This essay explores an impulse to visualize history in eighteenth-century France. It focuses on massive compilations of printed images that assembled overviews of history as represented by artifacts, portraits, and events and compares that documentary mode of visualizing the past to imaginary reconstructions of historical events in illusionistic scenes as depicted in the radically different formats of book illustration and monumental history painting.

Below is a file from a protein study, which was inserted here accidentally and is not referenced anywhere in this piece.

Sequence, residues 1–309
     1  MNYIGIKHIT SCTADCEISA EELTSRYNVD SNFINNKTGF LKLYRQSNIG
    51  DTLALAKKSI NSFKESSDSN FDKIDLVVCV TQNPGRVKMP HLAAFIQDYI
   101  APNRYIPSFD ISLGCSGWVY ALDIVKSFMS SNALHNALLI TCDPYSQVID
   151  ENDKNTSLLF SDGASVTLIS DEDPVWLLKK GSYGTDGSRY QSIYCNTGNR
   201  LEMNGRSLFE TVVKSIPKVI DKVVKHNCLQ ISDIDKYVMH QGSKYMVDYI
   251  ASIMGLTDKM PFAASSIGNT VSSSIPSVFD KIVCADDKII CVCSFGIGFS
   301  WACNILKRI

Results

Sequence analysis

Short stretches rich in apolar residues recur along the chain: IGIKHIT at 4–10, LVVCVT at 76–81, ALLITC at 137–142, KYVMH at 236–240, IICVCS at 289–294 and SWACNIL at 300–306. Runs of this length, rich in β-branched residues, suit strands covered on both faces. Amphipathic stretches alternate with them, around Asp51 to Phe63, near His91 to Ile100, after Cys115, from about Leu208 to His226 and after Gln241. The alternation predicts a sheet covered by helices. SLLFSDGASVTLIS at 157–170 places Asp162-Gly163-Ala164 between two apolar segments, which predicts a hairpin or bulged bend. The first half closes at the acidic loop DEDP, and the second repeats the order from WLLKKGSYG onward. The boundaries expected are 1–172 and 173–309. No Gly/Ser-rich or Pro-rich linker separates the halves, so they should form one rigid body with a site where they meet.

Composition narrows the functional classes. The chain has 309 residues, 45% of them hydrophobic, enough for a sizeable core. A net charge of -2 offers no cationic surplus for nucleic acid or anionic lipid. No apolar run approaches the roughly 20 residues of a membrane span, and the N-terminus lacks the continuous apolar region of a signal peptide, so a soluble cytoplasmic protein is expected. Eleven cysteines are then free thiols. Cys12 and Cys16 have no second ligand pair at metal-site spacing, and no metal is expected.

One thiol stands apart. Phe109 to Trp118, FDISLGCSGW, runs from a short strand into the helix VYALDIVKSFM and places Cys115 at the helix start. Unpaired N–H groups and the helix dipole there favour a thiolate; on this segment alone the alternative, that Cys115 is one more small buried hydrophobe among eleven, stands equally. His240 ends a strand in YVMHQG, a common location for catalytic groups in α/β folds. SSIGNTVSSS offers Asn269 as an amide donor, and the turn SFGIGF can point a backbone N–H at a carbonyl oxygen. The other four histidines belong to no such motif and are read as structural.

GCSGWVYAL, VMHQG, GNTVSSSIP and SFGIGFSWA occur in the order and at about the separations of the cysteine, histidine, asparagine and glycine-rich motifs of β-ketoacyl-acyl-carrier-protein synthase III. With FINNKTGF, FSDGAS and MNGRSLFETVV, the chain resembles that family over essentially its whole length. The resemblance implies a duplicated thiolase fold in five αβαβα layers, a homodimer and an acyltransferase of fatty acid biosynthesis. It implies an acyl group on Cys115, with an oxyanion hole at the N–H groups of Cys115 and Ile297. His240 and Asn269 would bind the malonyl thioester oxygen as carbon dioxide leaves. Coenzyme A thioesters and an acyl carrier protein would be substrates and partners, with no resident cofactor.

Visualizing History in Eighteenth-Century France
Susan L. Siegfried is Denise Riley Collegiate Professor of the History of Art and Women’s Studies at the University of Michigan. She is completing a book on visual representations of fashion and costume in nineteenth-century Europe.
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Susan L. Siegfried; Visualizing History in Eighteenth-Century France. Representations 1 February 2019; 145 (1): 80–106. doi: https://doi.org/10.1525/rep.2019.145.1.80
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